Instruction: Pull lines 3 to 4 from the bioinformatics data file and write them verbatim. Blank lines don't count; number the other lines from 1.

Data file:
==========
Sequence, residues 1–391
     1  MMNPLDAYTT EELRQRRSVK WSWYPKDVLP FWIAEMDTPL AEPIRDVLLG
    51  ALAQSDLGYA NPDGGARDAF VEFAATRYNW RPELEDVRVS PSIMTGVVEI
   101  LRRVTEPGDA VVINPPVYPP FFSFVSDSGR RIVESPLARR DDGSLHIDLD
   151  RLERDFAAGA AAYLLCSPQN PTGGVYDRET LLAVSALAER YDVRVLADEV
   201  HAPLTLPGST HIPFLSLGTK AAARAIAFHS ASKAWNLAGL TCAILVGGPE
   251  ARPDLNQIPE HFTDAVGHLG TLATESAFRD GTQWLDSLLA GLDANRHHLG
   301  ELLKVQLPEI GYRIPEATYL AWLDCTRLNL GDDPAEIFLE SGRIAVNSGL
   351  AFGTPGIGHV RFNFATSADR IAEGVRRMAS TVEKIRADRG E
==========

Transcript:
    51  ALAQSDLGYA NPDGGARDAF VEFAATRYNW RPELEDVRVS PSIMTGVVEI
   101  LRRVTEPGDA VVINPPVYPP FFSFVSDSGR RIVESPLARR DDGSLHIDLD